After You Get Hurt on the Job

If you’ve been hurt on the job, whether through an accident, exposure to toxic chemicals, or repetitive motion injury, you may be unsure about what to do next. How do you make sure that you receive proper compensation? In California, workplace injuries are covered under the workers’ compensation system. Employers are required to pay into this system, which is similar to an insurance program. If an employee is injured while working, workers’ comp may offer benefits, including medical treatment and payments to make up for lost wages. However, you should be aware that workers’ compensation benefits don’t include compensation for pain and suffering or punitive damages.

A skilled El Monte workers’ compensation lawyer can assess your case to determine if you have a valid claim. If you do, they can help ensure that your case is filed correctly and within the deadline.

Immediately After the Injury

After a workplace injury, the first step you should take is to report it to your employer. Notify your supervisor about your injury or illness as soon as possible. If your injury or illness developed slowly, report it as soon as you suspect or confirm your employment caused it. Prompt reporting helps expedite your benefits, especially medical care, and ensures you won’t miss any crucial deadlines. In fact, if you don’t report your injury within 30 days, you might give up your right to receive workers’ comp benefits.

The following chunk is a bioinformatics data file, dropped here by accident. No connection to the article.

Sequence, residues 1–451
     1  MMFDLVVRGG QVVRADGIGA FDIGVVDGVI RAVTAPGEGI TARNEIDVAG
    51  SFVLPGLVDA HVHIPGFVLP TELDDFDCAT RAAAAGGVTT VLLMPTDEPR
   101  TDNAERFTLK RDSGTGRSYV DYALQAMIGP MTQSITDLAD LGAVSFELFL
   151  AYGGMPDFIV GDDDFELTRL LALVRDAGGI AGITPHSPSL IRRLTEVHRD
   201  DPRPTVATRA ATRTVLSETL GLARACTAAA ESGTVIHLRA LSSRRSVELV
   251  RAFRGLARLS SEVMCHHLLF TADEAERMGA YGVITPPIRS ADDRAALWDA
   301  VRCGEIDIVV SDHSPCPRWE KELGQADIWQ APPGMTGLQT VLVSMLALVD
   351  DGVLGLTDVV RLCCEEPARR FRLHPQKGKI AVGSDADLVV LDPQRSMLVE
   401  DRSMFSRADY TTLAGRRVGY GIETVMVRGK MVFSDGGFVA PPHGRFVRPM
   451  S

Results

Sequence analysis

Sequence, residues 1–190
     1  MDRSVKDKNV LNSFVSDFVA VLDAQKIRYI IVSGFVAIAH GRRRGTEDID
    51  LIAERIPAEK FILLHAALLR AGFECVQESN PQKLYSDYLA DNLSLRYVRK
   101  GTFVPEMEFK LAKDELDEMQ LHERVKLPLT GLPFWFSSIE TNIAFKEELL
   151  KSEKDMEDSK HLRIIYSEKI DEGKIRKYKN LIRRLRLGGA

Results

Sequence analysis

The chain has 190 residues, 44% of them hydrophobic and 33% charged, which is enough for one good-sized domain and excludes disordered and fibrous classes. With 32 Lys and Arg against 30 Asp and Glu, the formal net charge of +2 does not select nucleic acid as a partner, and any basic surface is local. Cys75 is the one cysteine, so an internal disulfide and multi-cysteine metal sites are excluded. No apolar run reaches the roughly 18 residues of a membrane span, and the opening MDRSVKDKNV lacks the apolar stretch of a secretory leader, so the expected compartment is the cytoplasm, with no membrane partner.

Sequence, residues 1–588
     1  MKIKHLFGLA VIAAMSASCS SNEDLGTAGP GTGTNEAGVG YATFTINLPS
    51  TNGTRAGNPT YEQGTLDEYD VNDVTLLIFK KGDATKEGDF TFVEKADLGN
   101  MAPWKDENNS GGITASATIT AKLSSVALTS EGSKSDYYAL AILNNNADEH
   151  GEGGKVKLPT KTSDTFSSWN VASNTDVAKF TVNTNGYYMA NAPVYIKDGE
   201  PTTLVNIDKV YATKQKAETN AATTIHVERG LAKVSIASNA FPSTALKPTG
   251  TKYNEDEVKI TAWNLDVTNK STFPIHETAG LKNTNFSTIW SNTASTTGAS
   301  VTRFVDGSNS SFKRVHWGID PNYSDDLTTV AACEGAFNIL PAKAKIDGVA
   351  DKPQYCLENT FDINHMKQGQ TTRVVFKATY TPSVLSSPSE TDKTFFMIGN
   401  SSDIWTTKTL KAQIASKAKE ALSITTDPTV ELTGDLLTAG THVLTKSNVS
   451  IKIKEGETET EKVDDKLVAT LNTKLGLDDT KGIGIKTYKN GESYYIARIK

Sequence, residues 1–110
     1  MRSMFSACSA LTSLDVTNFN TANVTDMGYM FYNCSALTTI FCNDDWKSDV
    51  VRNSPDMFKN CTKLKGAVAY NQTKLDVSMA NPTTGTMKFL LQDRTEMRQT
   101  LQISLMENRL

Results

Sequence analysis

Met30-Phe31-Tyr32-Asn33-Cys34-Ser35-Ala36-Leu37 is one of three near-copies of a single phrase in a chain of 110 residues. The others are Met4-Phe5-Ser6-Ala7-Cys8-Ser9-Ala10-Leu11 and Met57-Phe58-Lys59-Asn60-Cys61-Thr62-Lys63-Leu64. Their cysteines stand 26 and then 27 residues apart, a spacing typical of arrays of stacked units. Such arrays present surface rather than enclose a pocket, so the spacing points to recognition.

If it’s an emergency, call 911 or go to the closest emergency room immediately. Suppose your worker’s comp claim is approved. In that case, your employer must pay for necessary emergency medical care, even if an approved provider doesn’t treat you for that care. Make sure you inform the medical staff that your injury or illness is work-related. If your condition allows you to, reach out to your employer for further instructions. If you don’t need emergency medical treatment, make sure you get first aid and get a medical exam, so you know you are okay.

What’s Next?

Your employer must provide you with a Workers’ Compensation Claim Form within one working day of you reporting your injury or illness, or your employer becomes aware of it. You will need this form to request workers’ comp benefits. It’s imperative that you read all of the information that comes with the claim form. Fill it out entirely and sign the “employee” part of the form. Be sure to describe the full extent of your injury, including every part of your body affected. File the claim by turning it into your employer. By doing it correctly the first time, you can avoid any possible problems with your claim form. If you decide to mail the form to your employer, it’s a good idea to send it bycertified mail and buy a return receipt. This way, you can prove that it was sent.

Once they receive it, your employer is required to complete and sign the employer part of the form and give it to the claims administrator. They are the ones that manage workers’ compensation claims for your employer. In addition to your emergency care, the claims administrator is required to authorize care of up to $10,000 while your claim is under review.

Your employer is required to give or mail you a copy of the completed form within one working day after you file it. Retain this copy for your own records. Next, the claims administrator must decide within a reasonable time, usually 90 days, whether to accept or deny your claim.

It’s common to have questions or concerns about the workers’ comp process. If you need help with your claim or aren’t sure what to do next, it’s best to enlist the help of an experienced workers’ compensation claims attorney.